Fourth, Petitioner seeks the return of property related to other persons, including the birth certificate of Rabiya Raheel, his adult stepdaughter (item 20) and a yellow envelope containing miscellaneous "documents of Munir Butt" (item 39). The Court finds that Petitioner is not entitled to lawful possession of these items as they belong to other individuals. Accordingly, Petitioner's motion with respect to items 20 and 39 is DENIED.

Fifth, the Government has represented that it is no longer in possession of or cannot located items 22, 27, and 51. (Gov't's Supp. Letter Opp. 9-10, 13.) Because the Government attests that these items are no longer in its possession, the Court does not have the power to order their return. "The Second Circuit has explained that [a] district court can order the return of property that is in the hands of the government' in equitable actions brought for the return of property after the conclusion of criminal proceedings, but it cannot order the United States to pay money damages when, for whatever reason, property is not available for Rule 41(g) return.'" United States v. Bastien, Nos. 09-CR-0205, 09-CR-0757, 2013 WL 1701601, at *5 (E.D.N.Y. Apr. 19, 2013) (quoting Diaz v. United States, 517 F.3d 608, 611 (2d Cir. 2008)); accord Bocanegra v. United States, No. 09-CV-4195, 2009 WL 1576630, at *1 (S.D.N.Y. June 5, 2009) ("[Plaintiff] has no recourse against the United States because sovereign immunity bars the award of money damages in a Rule 41(g) motion."). Accordingly, Petitioner's motion with respect to items 22, 27, and 51 is DENIED.

Sixth, Petitioner seeks the return of family photographs (item 5). The Government contends that these photographs, taken at Petitioner's sister's wedding, contain an image of the leader of KCF, as well as images of KCF supporters, and that the Government presented one of these photographs as evidence during the Awan II trial. (Gov't's Supp. Letter Opp at 7.) The Government further contends that these photographs may be used as evidence in ongoing investigations into terrorist organizations, and that Petitioner has therefore not met his burden of showing that the government's need for these photographs has ended. (Gov't's Supp. Letter Opp. at 7.) Petitioner has clarified that he is only seeking the return of his "personal and family photographs which include wedding and birthday reception cards of his parents, sisters/siblings which are souvenirs for him." (Ptr.'s Supp. Reply Br. at 7.) The Court agrees with the Government's position that Petitioner is not entitled to the photographs from his sister's wedding as they include images of KCF members and supporters. The Court therefore DENIES Petitioner's motion with respect to item 5. However, to the extent that the Government is in possession of strictly "personal and family photographs" or "cards, " not containing images of KCF leaders, members, or supporters, Petitioner's motion is GRANTED.

Seventh, Petitioner also seeks the return of a black and gold watch (item 45) but this item is subject to forfeiture. Specifically, the Final Order of Forfeiture entered in Awan I includes "any cash and/or jewelry previously seized by law enforcement officers from the defendant at the time of his arrest on November 6, 2001" as part of the "Forfeited Property" Petitioner agreed to forfeit. (See Gov't's Supp. Letter Opp. Ex. A at 2.) Accordingly, Petitioner's motion with respect to item 45 is DENIED.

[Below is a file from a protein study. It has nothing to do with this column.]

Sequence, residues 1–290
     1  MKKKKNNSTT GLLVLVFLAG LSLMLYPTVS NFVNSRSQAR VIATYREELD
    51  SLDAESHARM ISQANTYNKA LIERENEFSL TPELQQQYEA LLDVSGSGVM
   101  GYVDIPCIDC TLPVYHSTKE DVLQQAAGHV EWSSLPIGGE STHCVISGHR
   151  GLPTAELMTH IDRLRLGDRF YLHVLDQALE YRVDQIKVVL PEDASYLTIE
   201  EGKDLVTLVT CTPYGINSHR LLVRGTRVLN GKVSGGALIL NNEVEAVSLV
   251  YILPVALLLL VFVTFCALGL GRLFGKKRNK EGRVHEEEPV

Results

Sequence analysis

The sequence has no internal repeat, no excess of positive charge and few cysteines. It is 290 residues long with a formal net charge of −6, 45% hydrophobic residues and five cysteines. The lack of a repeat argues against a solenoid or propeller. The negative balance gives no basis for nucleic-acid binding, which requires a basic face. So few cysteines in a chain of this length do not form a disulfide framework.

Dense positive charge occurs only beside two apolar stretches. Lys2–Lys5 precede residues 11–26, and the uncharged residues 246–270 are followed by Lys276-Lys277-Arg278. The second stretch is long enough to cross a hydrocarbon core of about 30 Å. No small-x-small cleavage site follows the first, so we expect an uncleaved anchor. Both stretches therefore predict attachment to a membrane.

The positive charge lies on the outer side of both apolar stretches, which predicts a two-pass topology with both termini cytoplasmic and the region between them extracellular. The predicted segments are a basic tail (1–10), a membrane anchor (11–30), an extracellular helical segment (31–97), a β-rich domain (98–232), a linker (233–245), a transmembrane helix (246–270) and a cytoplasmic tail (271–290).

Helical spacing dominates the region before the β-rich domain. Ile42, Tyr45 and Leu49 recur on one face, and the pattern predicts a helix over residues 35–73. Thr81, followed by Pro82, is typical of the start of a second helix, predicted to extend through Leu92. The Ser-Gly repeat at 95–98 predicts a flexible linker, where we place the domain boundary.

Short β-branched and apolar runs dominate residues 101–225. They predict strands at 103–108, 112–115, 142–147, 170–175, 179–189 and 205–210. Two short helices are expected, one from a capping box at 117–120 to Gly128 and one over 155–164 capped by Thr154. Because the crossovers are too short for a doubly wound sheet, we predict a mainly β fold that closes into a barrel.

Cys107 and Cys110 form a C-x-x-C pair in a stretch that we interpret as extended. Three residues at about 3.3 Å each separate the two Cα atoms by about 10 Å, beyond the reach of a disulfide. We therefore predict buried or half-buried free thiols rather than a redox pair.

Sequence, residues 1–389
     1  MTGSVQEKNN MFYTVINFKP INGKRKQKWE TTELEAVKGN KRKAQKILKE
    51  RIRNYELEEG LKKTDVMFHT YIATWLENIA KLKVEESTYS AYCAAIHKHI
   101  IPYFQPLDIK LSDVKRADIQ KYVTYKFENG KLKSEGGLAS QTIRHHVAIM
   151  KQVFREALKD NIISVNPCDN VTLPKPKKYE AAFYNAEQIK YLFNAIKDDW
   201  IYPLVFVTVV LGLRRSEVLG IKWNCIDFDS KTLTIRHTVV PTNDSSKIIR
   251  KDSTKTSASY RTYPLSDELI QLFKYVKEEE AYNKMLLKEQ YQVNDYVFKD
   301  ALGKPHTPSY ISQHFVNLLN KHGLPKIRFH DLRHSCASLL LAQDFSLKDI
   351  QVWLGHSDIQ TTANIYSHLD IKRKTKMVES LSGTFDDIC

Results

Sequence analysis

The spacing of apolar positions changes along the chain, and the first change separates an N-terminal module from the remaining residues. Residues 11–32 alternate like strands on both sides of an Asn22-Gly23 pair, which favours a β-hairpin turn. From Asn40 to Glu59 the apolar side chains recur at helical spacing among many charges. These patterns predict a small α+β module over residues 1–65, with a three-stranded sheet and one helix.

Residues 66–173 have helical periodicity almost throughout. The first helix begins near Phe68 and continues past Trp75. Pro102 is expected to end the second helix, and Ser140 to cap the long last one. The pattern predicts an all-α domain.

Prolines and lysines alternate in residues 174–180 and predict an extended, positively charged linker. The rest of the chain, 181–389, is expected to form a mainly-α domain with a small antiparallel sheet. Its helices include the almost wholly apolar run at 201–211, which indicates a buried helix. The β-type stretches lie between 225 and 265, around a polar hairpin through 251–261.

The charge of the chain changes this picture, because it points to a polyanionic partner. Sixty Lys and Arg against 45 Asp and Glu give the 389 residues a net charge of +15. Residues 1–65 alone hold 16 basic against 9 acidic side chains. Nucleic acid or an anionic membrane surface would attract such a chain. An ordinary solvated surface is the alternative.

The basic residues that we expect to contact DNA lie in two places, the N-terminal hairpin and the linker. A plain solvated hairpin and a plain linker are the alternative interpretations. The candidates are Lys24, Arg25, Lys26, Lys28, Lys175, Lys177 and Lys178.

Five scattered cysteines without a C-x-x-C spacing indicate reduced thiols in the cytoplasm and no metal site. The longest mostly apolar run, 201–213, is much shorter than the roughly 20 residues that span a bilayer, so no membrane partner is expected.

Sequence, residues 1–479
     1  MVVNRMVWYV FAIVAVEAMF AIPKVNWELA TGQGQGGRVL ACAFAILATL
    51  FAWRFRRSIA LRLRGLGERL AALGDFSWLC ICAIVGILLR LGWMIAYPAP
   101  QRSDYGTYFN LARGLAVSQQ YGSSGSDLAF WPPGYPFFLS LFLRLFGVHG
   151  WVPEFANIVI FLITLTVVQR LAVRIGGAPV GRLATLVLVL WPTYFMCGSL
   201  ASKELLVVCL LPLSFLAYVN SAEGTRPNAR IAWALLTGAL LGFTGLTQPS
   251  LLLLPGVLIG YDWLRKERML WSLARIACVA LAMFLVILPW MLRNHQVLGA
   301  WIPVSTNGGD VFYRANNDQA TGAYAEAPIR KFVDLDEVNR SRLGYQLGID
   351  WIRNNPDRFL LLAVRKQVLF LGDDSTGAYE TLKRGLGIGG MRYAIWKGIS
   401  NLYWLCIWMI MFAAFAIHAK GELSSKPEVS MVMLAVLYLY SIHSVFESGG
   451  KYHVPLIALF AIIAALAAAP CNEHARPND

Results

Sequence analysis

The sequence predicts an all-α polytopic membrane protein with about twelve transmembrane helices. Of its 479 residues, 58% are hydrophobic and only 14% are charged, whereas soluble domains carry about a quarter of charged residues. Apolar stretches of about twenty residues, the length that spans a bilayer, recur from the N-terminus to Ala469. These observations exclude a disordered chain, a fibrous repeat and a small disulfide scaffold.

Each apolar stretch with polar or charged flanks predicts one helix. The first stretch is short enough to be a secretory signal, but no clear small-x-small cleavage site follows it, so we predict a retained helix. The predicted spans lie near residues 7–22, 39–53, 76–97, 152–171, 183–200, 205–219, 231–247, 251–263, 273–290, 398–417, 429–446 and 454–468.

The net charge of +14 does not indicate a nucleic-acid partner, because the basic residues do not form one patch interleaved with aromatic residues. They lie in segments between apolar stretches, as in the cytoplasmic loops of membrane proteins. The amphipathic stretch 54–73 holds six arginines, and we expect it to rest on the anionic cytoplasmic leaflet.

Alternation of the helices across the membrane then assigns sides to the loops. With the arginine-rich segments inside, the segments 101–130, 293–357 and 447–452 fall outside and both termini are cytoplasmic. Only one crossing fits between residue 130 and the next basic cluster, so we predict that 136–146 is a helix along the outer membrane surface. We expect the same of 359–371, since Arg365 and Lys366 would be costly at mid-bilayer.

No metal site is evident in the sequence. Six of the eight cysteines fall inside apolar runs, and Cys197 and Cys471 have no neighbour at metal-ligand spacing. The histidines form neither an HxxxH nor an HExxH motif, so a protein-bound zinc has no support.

Eight, the Government has requested additional time to respond Petitioner's motion with respect to items 15, 19, 42, and 43. (Gov't's Supp. Letter Opp. at 8-9, 11-12.) The Court GRANTS the Government's request and ORDERS the Government to file supplemental briefing relating to these items within thirty (30) days of this Order.

Finally, the Court concludes that Petitioner is not entitled to the return of the remaining items. Petitioner pleaded guilty to one count of credit card fraud and was found guilty of providing material support to terrorists. Petitioner now seeks the return of numerous items, such as assorted credit cards and checking accounts used to send money to the KCF, that appear to be directly related to his crimes, making them derivative contraband. In any event, the Court finds that Petitioner has not met his burden of showing that the items are not derivative contraband. Moreover, Petitioner has not met his burden of showing that other items were not the proceeds or fruits of his crimes. See Sash, 2009 WL 3007379, at *4. Petitioner remarkably states that Judge Sifton previously ordered the Government to return the requested property. (Ptr.'s Supp. Reply Br. at 12.) However, the docket in Awan II clearly shows that Judge Sifton simply encouraged the parties to negotiate a settlement, which was never consummated. Petitioner's claim is meritless. Accordingly, Petitioner's motion is DENIED with respect to the remaining items.

CONCLUSION

For the foregoing reasons, Petitioner's Rule 41(g) motion is GRANTED IN PART and DENIED IN PART consistent with the rulings in this Order.

The Government is ORDERED to return items 7, 8, 23, and 37 to Petitioner within thirty (30) days of this Order.

The Government is also ORDERED to file supplemental briefing relating to items 15, 19, 42, and 43 within thirty (30) days of this Order.

Given Petitioner's pro se status, the Court certifies pursuant to 28 U.S.C. § 1915(a)(3) that any appeal from this Memorandum and Order would not be taken in good faith and therefore in forma pauperis status is DENIED for purposes of an appeal. Coppedge v. United States, 369 U.S. 438, 444-45, 82 S.Ct. 917, 8 L.Ed.2d 21 (1962).

The Clerk of the Court is directed to mail a copy of this Memorandum and Order to Petitioner.

SO ORDERED.


Buy This Entire Record For $7.95

Official citation and/or docket number and footnotes (if any) for this case available with purchase.

Learn more about what you receive with purchase of this case.